The Walking Dead: 409 “After” Review
Reviewed by Rich Jepson.
Following on from the explosive events of the mid-season finale, The Walking Dead found itself in a free yet fragmented state in the latter half of the series’ fourth outing.
It’s now free in the sense that we no longer expect the group to be confined to the constraints of one set location. Whether it was the camp, the farm (yawwn) or the prison, the show has always had a green zone for its characters to retreat to – until they were all inevitably overrun. What’s great about TWD now is that these boundaries have all gone, not only in the sense of the setting but also in the sense of the group as a whole. The aftermath of the Governor’s attack has scattered the survivors across a wider landscape, which now allows them to make their own fate and encounter any number of situations.
First and foremost, The Walking Dead had to get a handle on a psychological and physically damaged Rick before continuing. “After” played very similar to the comic in this instance as Rick crashed out, giving Carl the chance to face dystopian suburbia on his own. Chandler Riggs has been getting better as he has bigger in Carl’s shoes and cowboy hats off to the casting team for timing his age so well. His monologue to an unconscious Rick wasn’t perfect yet it was convincing enough to draw us in to his frustrated and tormented inner feelings.
One criticism about Rick and Carl’s journey is the fact that they both seem to have forgotten about Judith. When Lori died you still couldn’t get rid of her and instead she began haunting her husband with her presence, believing that his child is most likely a walker’s appetiser, Rick doesn’t seem half as distraught as you’d expect, maybe they are just getting use to this lifestyle but you’d expect a more severe sense of trauma.
If you thought this premiere was slow then you certainly have a point as at times the weighting of some scenes was a little off. However, if you look back over the past couple of years you’ll find that some of the best episodes, outside of the walker/Woodburian filled mid-season and season finales, have been when only a few members of the cast have taken a road-trip. This is usually when we get some deep insight into a character or their past and has contrasted well with more complex episodes featuring the whole group. Take “18 Miles Out” (season 2), “Clear” (season 3) and more recently “Indifference” as examples of how well this can work, this is the type of episode we can probably expect until the group most likely reunites.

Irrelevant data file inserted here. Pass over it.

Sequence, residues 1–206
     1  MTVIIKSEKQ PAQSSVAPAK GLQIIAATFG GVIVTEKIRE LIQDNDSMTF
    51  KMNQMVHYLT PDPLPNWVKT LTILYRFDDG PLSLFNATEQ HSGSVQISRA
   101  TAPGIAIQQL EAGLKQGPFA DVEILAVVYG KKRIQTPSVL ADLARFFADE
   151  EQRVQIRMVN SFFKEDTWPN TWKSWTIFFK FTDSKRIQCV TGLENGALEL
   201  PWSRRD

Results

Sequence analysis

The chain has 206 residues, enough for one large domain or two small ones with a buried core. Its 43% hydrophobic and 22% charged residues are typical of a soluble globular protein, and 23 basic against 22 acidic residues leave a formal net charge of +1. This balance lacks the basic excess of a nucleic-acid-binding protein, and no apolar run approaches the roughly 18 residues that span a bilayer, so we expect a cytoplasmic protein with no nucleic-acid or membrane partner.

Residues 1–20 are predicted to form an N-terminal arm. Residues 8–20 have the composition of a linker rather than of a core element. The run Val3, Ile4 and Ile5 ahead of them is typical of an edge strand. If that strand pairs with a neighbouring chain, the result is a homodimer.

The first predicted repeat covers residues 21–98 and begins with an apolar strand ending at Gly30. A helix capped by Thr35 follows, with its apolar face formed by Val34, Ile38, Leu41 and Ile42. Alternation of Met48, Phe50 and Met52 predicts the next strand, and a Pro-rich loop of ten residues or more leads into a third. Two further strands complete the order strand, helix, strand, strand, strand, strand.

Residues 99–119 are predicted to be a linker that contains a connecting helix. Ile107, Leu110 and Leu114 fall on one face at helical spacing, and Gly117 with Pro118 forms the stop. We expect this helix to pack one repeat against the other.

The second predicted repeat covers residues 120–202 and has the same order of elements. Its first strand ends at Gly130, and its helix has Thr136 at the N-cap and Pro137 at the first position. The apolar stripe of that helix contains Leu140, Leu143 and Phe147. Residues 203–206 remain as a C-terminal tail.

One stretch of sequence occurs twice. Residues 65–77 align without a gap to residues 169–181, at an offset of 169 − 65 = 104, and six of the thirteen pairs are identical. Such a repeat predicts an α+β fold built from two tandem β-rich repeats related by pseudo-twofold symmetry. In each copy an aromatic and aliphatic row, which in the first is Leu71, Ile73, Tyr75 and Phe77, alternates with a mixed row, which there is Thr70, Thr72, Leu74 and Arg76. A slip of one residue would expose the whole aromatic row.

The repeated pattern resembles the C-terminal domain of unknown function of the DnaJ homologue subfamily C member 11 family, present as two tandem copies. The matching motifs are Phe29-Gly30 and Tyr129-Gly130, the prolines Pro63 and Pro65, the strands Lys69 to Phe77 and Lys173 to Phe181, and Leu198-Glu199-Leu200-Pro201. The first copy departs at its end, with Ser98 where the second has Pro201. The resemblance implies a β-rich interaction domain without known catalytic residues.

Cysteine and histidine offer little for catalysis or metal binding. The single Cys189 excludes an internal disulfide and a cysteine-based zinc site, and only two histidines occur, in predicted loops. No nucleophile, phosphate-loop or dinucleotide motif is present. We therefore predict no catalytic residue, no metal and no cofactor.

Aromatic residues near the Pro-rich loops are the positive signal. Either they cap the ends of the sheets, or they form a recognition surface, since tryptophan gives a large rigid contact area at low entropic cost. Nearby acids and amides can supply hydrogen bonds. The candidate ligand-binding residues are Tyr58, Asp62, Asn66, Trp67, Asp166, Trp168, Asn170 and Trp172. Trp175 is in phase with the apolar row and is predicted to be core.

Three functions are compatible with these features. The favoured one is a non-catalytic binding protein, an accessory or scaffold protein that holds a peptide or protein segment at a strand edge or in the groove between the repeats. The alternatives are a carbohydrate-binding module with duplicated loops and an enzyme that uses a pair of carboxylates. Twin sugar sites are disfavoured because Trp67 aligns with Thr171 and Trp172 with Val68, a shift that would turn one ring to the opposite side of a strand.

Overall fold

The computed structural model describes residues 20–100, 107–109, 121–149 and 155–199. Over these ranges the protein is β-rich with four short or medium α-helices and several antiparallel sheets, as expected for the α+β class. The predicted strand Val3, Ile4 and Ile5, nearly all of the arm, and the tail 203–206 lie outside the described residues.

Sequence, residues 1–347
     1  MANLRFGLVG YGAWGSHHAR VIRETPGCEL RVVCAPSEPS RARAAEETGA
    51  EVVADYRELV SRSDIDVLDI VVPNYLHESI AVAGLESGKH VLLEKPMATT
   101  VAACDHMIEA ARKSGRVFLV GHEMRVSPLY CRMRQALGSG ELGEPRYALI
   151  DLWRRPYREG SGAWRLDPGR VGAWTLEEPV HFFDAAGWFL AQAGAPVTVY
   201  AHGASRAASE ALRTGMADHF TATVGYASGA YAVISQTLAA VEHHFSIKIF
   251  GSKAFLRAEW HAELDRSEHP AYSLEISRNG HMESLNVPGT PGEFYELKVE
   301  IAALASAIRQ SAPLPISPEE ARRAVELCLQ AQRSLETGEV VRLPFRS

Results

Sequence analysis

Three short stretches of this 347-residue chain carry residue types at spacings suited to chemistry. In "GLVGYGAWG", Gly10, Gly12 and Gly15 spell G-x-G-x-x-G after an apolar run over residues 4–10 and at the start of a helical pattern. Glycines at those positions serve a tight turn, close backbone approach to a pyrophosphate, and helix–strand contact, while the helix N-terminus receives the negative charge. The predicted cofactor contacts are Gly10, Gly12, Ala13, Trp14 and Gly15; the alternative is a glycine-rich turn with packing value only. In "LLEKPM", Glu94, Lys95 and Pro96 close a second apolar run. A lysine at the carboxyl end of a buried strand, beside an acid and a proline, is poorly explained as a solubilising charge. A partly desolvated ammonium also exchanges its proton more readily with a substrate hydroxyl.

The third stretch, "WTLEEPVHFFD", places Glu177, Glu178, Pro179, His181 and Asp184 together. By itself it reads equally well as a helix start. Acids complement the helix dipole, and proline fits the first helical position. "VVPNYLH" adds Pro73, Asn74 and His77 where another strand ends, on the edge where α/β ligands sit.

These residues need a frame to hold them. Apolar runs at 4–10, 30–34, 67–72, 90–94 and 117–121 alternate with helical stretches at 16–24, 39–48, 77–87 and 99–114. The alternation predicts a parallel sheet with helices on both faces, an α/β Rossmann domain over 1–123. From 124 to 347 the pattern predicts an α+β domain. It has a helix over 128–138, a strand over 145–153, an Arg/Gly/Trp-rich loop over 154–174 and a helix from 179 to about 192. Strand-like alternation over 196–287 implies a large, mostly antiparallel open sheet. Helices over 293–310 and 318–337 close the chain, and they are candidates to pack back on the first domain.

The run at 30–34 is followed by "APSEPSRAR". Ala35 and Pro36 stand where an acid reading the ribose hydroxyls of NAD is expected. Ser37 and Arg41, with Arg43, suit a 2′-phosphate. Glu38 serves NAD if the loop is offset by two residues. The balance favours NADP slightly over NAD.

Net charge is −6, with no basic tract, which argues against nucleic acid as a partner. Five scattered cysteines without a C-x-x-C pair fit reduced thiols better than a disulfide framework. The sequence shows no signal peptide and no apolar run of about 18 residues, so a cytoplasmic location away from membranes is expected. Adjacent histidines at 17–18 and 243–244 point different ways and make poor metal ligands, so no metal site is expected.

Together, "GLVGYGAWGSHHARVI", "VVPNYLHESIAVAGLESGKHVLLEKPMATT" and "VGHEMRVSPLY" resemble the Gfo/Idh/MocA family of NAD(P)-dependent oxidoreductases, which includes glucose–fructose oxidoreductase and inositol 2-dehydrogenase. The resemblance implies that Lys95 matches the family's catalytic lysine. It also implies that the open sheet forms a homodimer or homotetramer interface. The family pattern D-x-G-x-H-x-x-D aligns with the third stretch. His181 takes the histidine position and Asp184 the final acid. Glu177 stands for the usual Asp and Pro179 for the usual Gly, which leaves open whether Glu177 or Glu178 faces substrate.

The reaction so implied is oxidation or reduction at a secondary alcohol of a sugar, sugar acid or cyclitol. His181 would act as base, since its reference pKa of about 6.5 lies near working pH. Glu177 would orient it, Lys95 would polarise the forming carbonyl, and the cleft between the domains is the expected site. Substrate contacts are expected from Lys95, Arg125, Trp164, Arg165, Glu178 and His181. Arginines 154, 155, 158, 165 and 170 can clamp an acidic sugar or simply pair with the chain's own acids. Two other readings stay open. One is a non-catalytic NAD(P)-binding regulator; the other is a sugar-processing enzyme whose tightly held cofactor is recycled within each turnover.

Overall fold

The wildcard for this episode was undoubtedly Michonne, a character that has been mismanaged at times since her arrival at the end of season 2. Another one of the iconic and more theatrical personalities from the books, Michonne was always going to be a hard one to get right. At times her silence and moodiness has placed her in the no-man’s of failed character adaptations alongside the likes of Andrea and Halle Berry’s Catwoman. After thankfully brought her back from the brink, particularly with the use of the flashback and hallucinations, we’ve felt more involved with her in that 45-mins than we have the whole series so far.
Much like the walker in the roadside cafe, it’s been a staggering yet strong return for the series that’s given us at least a sense of direction of where we go next.
Scene of the Episode: Cut Back – Seeing a glimpse of Michonne’s past was as surprising as it was revealing. The character has been given a new dimension just by this brief look at her former life.